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An endangered species?

Created date

July 26th, 2011

On the floor of the U.S. Senate in 2004, Vice President Dick Cheney told Vermont Senator Patrick Leahy to go **** [himself]. In February 2011 during her best supporting actress speech, a nervous Melissa Leo uttered the first f-word in Oscar history on live television. When I watched Kate [Winslet] two years ago, she confessed, it looked so much ****ing easier. One month later and again on live television, Vice President Joe Biden congratulated President Obama on passing his health care overhaul not with a Job well done, but instead with This is a big ****ing deal. Every year it seems that public figures with itchy trigger fingers drop more and more f-bombs an extension of what experts have identified as a spiraling decline in civility.

Social informality

The phenomenon has left many wondering what s happening to people. According to P.M. Forni, cofounder of Johns Hopkins University s Civility Project, the root of the problem is social informality. What s happening is we re living in a society that s increasingly informal, he states. Now, informality is not necessarily the same as incivility, but taken to extremes it becomes incivility. We are less concerned with what other people think of our words and actions. Quite simply, we don t care as much as we once did about the social approval of our behavior. And surveys have statistically backed Forni s observations. For instance, a 2002 report from the nonprofit research group Public Agenda found that a staggering 73% of those polled agreed that people used to treat others with more respect and courtesy than they have in recent years. Similarly, 69% of the respondents in a 2005 survey by the Associated Press said that people are ruder today than they were 20 or 30 years ago. Another poll by ABC News probed the types of bad behavior that people see most often. Using foul language and rude and disrespectful behavior were among the top five. The problem is we re so self-centered as a culture that we re not concerned about how our behavior affects those around us, says Forni, who is the author of the bestsellerChoosing Civility(St. Martin s Griffin, 2002) andThe Civility Solution(St. Martin s Griffin, 2008). This holds true in all aspects of daily life; even the halls of government, where uncivil behavior has created the image not of informed discussion but self-interested bickering. Cassandra Dahnke, cofounder of the nonpartisan, nonprofit Institute for Civility in Government, couldn t agree more. She defines civility as claiming and caring for one s own identity, needs, and beliefs without infringing on someone else s in the process. Still, the problem as she sees it is that few people in the public forum pay such courtesies to one another.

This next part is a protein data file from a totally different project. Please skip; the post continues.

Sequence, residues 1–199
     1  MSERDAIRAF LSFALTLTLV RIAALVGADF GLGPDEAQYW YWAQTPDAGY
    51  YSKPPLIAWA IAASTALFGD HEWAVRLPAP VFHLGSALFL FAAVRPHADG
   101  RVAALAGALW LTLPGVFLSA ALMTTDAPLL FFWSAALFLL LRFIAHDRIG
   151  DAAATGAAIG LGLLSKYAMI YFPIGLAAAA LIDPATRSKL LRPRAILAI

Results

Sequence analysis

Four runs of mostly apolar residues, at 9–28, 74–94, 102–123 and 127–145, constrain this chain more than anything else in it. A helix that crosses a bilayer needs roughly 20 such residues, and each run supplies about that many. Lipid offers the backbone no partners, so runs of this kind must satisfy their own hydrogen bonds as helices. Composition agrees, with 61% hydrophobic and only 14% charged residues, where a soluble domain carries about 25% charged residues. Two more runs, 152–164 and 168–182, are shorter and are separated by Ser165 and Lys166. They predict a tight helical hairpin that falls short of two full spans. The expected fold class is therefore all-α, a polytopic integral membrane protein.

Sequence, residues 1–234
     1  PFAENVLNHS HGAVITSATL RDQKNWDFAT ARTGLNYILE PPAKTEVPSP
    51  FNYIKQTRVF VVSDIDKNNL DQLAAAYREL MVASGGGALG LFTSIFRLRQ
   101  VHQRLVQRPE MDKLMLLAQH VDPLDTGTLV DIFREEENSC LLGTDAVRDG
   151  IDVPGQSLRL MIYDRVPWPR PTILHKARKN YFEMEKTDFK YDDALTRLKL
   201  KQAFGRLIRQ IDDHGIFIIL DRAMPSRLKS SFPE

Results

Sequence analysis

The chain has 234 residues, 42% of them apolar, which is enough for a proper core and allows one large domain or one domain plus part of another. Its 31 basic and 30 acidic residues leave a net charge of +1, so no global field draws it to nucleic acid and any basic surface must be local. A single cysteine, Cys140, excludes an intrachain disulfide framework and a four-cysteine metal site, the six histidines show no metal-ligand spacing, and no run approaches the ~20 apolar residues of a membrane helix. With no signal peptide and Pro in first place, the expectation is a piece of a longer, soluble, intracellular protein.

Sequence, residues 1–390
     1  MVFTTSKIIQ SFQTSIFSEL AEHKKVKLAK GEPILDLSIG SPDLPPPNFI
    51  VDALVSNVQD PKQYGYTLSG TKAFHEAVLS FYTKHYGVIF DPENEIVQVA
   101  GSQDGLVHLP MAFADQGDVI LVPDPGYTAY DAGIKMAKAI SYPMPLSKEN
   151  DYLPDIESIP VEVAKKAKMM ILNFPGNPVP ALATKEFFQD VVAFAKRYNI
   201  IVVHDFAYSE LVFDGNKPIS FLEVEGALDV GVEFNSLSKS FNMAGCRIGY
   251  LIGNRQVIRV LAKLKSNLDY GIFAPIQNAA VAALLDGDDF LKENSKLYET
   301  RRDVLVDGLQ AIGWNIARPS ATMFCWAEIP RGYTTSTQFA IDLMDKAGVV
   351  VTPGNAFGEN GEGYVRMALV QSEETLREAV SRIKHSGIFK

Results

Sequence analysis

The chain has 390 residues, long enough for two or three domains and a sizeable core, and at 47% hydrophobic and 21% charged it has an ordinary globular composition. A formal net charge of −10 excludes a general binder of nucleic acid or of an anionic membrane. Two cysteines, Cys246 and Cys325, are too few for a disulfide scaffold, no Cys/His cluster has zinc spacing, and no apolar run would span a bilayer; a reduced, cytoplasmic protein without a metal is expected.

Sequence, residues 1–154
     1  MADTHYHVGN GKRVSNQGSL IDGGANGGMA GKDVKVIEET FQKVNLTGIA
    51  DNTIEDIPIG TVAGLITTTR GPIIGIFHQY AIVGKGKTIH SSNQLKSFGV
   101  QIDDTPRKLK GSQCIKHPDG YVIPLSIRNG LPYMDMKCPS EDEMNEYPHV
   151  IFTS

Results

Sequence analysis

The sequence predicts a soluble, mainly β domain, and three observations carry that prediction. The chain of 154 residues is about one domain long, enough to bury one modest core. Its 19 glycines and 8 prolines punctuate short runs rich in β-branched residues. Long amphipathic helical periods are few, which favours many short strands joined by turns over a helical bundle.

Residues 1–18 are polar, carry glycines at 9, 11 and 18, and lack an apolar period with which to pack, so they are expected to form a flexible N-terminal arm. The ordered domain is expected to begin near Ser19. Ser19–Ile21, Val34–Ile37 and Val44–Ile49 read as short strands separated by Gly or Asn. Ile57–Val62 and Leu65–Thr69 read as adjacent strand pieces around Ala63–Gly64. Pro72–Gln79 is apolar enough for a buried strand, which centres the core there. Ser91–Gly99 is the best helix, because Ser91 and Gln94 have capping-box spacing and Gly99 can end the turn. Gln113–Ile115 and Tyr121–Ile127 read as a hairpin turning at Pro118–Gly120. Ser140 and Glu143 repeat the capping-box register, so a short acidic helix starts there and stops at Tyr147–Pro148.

When it collapsed

The collapse of civility as the primary norm started around the early 1990s, Dahnke explains. I ve been doing work on the Hill for more than 20 years, and there was a day when members could politely disagree. They knew one another, and their families knew one another. There were no illusions about a lack of politics, but there were behavioral boundaries that you didn t cross. Those boundaries seem to have vanished. Indeed, Dahnke argues that today s policymakers generally lack the social skill set that makes these boundaries possible. Civility, she says, is hard work. It requires patience and restraint virtues that are difficult to uphold in the throes of political passion. Dahnke urges that policymakers focus on issues instead of attacking their opponents in order to counteract this natural impulse. Civil behavior doesn t mean giving in to the other side, but rather engaging in healthy public debate free of hurtful and vindictive motives. There is a tendency to view the past with rose-colored glasses; yet I don t think that s what we re doing here, she remarks. Politics in this country have always been contentious and passionate. Nonetheless, I think some social norms have fallen by the wayside, which is true of society as a whole. We focus too much on the individual good when we should be focusing on the common good, she adds. We immediately take everything personally as a result. It takes a lot of effort and courage to step away from the position of, What can I do for myself at this moment? and look at the broader picture. The question then remains will we ever be able to do this? Forni, for one, believes we will with one caveat. I think things will get worse before they get better, he says. Over the years, we ve locked ourselves inside a cage of narcissism, and if we don t break out of it civility will be difficult to achieve. Civility expert P.M. Forni s 25 rules of considerate conduct 1. Pay attention 2. Acknowledge others 3. Think the best 4. Listen 5. Be inclusive 6. Speak kindly 7. Don t speak ill 8. Accept and give praise 9. Respect even a subtle no 10. Respect others opinions 11. Mind your body 12. Be agreeable 13. Keep it down (and rediscover silence) 14. Respect other people s time 15. Respect other people s space 16. Apologize earnestly 17. Assert yourself 18. Avoid personal questions 19. Care for your guests 20. Be a considerate guest 21. Think twice before asking for favors 22. Refrain from idle complaints 23. Accept and give constructive criticism 24. Respect the environment and be gentle to animals 25. Don t shift responsibility and blame Source: P.M. Forni, Choosing Civility: The Twenty-Five Rules of Considerate Conduct (St. Martin s Griffin, 2002).